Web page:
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I am not an economist. I am an honest man! ― Paul McCracken

Alan Greenspan was once both an economist and an honest man. He scornfully doubted the motives and methods of the Welfare State. He wrote eloquently of the virtues of honest, gold-backed money. In a 1966 essay he wrote, “…gold and economic freedom are inseparable….In the absence of the gold standard, there is no way to protect savings from confiscation through inflation.…. This is the shabby secret of the welfare statists’ tirades against gold. Deficit spending is simply a scheme for the confiscation of wealth. Gold stands in the way of this insidious process.”

Today Mr. Greenspan leads an organization that churns out paper money like the Medieval Church churned out heavenly indulgences. Gold bugs are the mad monks of modern economics. Greenspan is the High Priest of Debt, the Archbishop of Credit, the Ayatollah of Empty Promises, the Pope of Paper. His Federal Reserve has converted the world’s central bankers like Jesuits harvesting souls for the Church of Rome. Greenspan’s Fed has done globally what Money Ministers in the past could only do locally. He has convinced every central banker on earth, against all logic, that Federal Reserve Notes are as good as gold.

The world’s faith in the Fed appears as unshakable as mystic revelation, though it may be a holy dread of truth more terrifying than delusion. Either way, we’re all believers now.

Trained economists now serve as fawning acolytes in the Church of Debt. They espouse the most ridiculous twaddle. In a recent Wall Street Journal article, economist and former Fed governor Wayne Angell hangs the blame for the recession on Clinton’s Treasury Secretary, Robert Rubin. How did Mr. Rubin bring about the tragedy? According to Mr. Angell, Rubin paid down the national debt.

Nothing of the sort happened. The numbers on Rubin’s watch show no decrease in the national debt. Debt leveled off for a few months. Borrowing briefly slowed as Congress squandered a Social Security surplus as if there were no looming Geezer Boom.

For a few months Uncle Sam caught a little updraft in his cordless bungee jump to ruin. If that momentary slow-down in borrowing caused a recession, what will happen when the Chinese stop swapping power tools, TV’s and garden gnomes for our IOU’s?

According to Mr. Angell, Rubin was tragically ignorant of the “…first principle of macroeconomics.”  Seldom does an economist offer something plainly as a First Principle. I was keen to see it revealed.

Angell’s First Principle of Macroeconomics is this: "Output growth is not sustainable without a growth of total credit and debt." Yep, that’s it. A direct quote from an undisputed expert. And to think people once naively nodded at Ben Franklin’s, “A penny saved is a penny earned.”

To better understand this Principle let’s shrink it down to the microeconomic level. This is where we non-economists scratch out a living and buy booze, baloney and bullets. Mr. Angell’s First Principle says that if our debt is not increasing we cannot prosper. All a man needs to get as rich as Croesus is a no-limit MasterCard. To achieve “output growth,” just load up that plastic fun ticket a little more each month.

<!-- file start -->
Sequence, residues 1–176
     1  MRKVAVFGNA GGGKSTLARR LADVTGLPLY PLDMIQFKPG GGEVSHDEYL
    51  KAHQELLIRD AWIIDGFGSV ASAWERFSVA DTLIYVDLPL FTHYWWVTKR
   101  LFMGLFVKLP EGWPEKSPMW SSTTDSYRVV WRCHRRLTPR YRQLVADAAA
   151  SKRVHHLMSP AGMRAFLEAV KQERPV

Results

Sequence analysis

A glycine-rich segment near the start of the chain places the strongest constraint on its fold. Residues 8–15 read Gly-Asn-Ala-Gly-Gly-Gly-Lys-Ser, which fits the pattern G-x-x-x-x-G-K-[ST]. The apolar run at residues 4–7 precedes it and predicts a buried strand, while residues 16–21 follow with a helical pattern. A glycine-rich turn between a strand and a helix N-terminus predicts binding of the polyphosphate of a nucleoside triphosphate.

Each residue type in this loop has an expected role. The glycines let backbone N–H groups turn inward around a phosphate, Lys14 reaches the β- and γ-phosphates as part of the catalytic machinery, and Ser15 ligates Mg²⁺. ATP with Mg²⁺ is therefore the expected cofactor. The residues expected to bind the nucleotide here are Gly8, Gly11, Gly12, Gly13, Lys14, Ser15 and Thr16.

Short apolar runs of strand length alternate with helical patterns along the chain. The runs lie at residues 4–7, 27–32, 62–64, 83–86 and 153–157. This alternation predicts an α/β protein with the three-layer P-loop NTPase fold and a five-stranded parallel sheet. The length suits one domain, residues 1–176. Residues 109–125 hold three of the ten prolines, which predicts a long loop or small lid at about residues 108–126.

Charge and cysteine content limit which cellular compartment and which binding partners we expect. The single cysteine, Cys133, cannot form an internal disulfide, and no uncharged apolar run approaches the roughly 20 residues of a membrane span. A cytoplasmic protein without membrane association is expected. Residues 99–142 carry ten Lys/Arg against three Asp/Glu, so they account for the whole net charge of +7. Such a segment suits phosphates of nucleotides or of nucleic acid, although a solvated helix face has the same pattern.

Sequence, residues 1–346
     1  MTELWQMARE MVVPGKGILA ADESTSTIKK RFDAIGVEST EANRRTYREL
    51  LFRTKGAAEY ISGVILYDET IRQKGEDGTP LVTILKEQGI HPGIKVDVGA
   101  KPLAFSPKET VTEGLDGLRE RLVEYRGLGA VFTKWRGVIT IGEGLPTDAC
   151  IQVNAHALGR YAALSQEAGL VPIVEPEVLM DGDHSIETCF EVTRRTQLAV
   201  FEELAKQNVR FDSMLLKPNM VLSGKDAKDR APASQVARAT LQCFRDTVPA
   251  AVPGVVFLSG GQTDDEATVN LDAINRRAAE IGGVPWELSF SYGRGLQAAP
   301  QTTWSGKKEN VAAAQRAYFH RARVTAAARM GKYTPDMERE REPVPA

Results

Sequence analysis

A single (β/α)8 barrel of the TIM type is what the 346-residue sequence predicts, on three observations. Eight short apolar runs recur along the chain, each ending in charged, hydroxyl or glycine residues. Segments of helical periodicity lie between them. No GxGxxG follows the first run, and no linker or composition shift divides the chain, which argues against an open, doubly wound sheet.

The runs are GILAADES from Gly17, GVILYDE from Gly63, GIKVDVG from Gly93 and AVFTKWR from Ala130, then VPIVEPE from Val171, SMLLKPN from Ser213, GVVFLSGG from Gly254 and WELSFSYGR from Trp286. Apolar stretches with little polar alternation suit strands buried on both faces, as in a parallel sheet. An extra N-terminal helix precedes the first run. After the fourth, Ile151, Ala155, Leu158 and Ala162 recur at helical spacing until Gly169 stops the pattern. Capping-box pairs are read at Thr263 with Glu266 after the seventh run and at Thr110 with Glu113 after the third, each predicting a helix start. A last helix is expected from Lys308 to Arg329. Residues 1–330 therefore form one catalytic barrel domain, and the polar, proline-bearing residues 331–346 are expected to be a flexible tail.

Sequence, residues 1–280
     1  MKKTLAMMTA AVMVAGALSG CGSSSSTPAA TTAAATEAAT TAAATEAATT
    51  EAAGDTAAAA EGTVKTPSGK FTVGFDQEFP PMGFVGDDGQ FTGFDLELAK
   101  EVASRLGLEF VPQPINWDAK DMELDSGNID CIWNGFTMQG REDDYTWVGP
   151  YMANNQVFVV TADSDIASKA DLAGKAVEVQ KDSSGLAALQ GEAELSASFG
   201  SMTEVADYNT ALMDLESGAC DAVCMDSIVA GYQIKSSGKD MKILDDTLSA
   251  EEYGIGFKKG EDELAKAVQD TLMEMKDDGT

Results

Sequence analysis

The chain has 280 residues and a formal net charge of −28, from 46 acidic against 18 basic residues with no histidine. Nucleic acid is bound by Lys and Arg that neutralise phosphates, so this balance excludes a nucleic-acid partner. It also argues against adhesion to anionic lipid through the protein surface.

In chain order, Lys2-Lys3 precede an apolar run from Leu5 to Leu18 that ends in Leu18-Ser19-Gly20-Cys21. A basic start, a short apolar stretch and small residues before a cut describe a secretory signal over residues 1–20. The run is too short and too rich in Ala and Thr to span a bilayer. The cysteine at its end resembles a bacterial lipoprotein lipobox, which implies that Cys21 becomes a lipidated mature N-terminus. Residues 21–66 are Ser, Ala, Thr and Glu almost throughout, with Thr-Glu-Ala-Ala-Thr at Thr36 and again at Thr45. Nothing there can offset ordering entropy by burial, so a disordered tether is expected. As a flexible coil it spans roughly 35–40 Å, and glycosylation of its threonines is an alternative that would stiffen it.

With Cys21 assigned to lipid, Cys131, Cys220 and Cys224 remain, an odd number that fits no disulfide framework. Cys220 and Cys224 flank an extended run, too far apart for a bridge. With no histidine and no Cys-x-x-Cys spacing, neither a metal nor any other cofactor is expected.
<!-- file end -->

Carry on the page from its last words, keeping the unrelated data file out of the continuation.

Only an economist could believe such drivel. We’ve all known families and businesses that constantly increased debt. The growth they enjoyed was chiefly in the number of nasty phone calls and visits from repo men. Eventually they borrowed just to pay old debt. Then they went bust.

The First Principle I’ve always found reliable for “output growth” is to make more money. To a business that would mean earn more profit, not float more bonds. To a nation it means saving and investing for tomorrow not borrowing and blowing the money on drugs for voters, democracy in the desert and trips to Mars. Economists knew this in the days before they started attending services at Our Lady of Perpetual Liability.

They may come to know it again, for among the proven but generally ignored principles of the Austrian school of economics are these:

Credit expansions lead to temporary business booms.

The inevitable collapse of credit leads to business depressions.

The size of the boom determines the size of the depression.

History has consistently demonstrated the truth of these principles. No country has ever recklessly expanded credit and paper money and gained lasting prosperity. The opposite is true. Wild expansion of credit, money and debt has in every case resulted in poverty and misery. 

Perhaps Mr. Greenspan intends to convert us to his youthful beliefs by sacrificing himself on the altar of history. When the unavoidable reckoning reveals the “shabby secrets” of his worldwide Church of Easy Money it will probably tarnish Mr. Greenspan’s legacy as the Money Messiah. But it may also bring about a new respect for the hard work, thrift and gold
whose virtues he preferred when he was an honest economist.